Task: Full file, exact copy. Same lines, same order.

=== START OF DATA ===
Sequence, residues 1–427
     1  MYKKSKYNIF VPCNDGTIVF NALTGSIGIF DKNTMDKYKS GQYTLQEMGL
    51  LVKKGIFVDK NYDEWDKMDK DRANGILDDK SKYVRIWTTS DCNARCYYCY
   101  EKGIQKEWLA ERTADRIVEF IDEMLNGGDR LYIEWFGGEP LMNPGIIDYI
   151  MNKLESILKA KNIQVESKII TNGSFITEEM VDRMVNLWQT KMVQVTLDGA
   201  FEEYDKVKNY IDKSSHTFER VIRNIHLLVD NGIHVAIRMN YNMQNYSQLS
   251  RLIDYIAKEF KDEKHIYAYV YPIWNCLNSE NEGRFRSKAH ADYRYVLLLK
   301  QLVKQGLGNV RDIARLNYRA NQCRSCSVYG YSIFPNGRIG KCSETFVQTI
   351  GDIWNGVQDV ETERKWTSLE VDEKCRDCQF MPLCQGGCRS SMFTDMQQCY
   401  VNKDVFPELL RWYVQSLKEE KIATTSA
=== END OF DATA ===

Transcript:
Sequence, residues 1–427
     1  MYKKSKYNIF VPCNDGTIVF NALTGSIGIF DKNTMDKYKS GQYTLQEMGL
    51  LVKKGIFVDK NYDEWDKMDK DRANGILDDK SKYVRIWTTS DCNARCYYCY
   101  EKGIQKEWLA ERTADRIVEF IDEMLNGGDR LYIEWFGGEP LMNPGIIDYI
   151  MNKLESILKA KNIQVESKII TNGSFITEEM VDRMVNLWQT KMVQVTLDGA
   201  FEEYDKVKNY IDKSSHTFER VIRNIHLLVD NGIHVAIRMN YNMQNYSQLS
   251  RLIDYIAKEF KDEKHIYAYV YPIWNCLNSE NEGRFRSKAH ADYRYVLLLK
   301  QLVKQGLGNV RDIARLNYRA NQCRSCSVYG YSIFPNGRIG KCSETFVQTI
   351  GDIWNGVQDV ETERKWTSLE VDEKCRDCQF MPLCQGGCRS SMFTDMQQCY
   401  VNKDVFPELL RWYVQSLKEE KIATTSA